17 MARCH 1866, Page 20

The King and People of Fiji. By Rev. J. Waterhouse.

(Wesleyan Conference Office.)—If Mr. Waterhouse had put his story into any shape, he could not have failed to make a great success. Some of the Incidents in the volume are astounding, and the naivete with which they are described delicious, but the reader has to take his chance of lighting upon them, as it is quite impossible to go on with the pages Consecutively, so confusing is the narrative. The missionaries whose doings are recorded in this volume seem to have got so accustomed to the manners and customs of their cannibal friends that they looked upon man-slaying and man-cooking as disagreeable and reprehensible habits indeed, but as quite included in the contingencies of life in those parts. " What did Imes," says our author, in one place, "fastened in front of the windows and doors of my house as I approached? Fragments of cooked bodies. Some of the more inveterate had come to tease me." Again, here is a scene. Rev. John Wataforcl, arriving at the royal residence, 8th Decem- ber, 1852, finds three of the late King's wives in the following predica- ment. One is a lifeless corpse, with the strangling drapery still round her neck, a second is in the midst of death, the Prince himself and his com- panions pulling the cord on either side, whilst a lady of rank, forgetting her Christianity in her desire to honour her royal relative, presses down her covered head, and a third is just making her appearance for the purpose of going through the same ceremony. " Refrain, Sir," says Mr.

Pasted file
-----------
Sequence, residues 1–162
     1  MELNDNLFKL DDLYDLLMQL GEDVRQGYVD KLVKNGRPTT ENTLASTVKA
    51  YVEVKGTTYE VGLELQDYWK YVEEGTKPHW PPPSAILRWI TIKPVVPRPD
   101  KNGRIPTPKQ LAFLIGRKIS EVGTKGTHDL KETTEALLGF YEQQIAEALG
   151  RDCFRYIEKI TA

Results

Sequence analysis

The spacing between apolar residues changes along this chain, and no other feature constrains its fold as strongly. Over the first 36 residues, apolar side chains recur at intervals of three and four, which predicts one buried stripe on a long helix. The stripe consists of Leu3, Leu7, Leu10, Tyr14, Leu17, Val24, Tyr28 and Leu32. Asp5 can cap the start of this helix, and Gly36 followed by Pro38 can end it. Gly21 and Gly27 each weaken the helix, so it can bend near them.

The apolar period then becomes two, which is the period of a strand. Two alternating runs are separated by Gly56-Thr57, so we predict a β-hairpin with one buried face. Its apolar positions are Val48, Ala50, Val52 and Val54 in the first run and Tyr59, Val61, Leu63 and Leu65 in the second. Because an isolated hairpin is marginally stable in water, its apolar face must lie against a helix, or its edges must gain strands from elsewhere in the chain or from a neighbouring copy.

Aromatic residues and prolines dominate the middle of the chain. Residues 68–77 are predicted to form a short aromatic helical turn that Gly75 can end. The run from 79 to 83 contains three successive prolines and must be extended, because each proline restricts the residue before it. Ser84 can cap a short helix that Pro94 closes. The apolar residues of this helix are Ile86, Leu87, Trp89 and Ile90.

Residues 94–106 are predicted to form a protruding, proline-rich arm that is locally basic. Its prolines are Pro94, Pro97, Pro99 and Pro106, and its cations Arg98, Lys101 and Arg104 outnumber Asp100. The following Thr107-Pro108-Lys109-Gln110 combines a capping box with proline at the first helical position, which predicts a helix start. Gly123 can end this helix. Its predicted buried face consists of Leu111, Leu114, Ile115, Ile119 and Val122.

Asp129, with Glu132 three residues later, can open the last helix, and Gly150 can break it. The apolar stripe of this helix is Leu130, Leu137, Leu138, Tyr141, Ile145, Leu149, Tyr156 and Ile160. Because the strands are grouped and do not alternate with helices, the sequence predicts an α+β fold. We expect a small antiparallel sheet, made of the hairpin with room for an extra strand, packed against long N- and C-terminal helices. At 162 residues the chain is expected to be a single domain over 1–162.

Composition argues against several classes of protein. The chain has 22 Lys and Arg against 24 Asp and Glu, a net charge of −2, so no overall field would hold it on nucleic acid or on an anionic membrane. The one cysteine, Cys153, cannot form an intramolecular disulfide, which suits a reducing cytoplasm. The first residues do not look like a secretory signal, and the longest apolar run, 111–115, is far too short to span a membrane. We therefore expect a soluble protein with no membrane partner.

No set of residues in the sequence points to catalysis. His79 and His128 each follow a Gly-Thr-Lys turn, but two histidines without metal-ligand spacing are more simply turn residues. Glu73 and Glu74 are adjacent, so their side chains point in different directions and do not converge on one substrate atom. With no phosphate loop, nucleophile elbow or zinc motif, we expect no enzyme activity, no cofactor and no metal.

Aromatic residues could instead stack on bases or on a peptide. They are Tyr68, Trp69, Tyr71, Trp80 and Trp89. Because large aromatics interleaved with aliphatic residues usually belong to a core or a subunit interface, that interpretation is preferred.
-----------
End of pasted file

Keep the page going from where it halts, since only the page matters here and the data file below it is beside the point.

Watsford An amicable conversation ensues, and in the end the third lady and others pass out of life "without the slightest noise, hurry, or confusion," Mr. Watsford, we suppose, withdrawing his objec-

tion. The Prince thus addressed afterwards became King of Fiji and a Christian ; the latter event took place in 1854, and was brought about by a rebellion, in which the monarch considered that he had been left in the lurch by his gods. Here the story ends for the present ; Mr. Waterhouse promises a sequel, which is to give the history of the first decade of the Christian era. We trust that his style will improve with the morals of his hero ; that the historiographer of his most Christian Majesty King Thakomban will remember that his responsibilities are not the same as when he was relating the doings of the horrible cannibal who figures in these rambling pages.